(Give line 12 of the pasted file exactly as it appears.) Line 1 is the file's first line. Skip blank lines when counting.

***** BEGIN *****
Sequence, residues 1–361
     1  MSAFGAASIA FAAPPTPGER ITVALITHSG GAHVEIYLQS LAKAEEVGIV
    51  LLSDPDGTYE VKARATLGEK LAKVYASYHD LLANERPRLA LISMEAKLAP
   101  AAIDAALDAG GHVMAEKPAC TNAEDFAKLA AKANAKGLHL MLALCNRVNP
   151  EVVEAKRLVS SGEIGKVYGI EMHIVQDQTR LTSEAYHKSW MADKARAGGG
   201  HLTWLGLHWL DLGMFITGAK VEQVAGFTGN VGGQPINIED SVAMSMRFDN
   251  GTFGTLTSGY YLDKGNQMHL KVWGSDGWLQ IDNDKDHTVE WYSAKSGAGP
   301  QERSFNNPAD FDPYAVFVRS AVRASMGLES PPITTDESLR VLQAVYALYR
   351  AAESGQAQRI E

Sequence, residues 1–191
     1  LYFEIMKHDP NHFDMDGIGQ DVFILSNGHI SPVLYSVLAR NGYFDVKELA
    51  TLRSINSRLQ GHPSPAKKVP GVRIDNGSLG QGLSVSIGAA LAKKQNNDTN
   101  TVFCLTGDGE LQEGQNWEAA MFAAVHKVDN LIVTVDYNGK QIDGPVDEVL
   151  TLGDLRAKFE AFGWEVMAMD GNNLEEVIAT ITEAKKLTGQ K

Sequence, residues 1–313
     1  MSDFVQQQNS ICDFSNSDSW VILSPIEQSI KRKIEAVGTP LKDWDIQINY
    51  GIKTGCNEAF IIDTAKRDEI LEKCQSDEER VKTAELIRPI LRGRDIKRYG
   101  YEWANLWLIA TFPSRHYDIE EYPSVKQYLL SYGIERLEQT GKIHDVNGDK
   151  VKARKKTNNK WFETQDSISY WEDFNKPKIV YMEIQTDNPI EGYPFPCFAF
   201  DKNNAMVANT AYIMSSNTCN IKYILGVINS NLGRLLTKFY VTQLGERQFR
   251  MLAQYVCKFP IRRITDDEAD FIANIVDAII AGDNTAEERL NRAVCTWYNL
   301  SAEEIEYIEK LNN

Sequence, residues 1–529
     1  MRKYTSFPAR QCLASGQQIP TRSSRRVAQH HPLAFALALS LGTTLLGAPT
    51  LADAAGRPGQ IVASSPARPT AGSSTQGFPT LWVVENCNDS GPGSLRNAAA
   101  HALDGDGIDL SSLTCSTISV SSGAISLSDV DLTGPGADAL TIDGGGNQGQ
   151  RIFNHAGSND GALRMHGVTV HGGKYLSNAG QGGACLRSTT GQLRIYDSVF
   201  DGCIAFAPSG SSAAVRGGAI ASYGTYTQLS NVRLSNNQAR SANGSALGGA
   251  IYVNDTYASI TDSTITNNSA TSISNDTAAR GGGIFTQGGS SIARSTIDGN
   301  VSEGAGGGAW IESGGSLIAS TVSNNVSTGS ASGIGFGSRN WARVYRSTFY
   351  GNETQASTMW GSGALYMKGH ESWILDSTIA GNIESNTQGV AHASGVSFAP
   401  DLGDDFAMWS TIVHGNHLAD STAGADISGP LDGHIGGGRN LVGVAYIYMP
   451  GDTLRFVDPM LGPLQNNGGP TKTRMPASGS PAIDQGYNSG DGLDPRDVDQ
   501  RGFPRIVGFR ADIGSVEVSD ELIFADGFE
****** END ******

    51  TLRSINSRLQ GHPSPAKKVP GVRIDNGSLG QGLSVSIGAA LAKKQNNDTN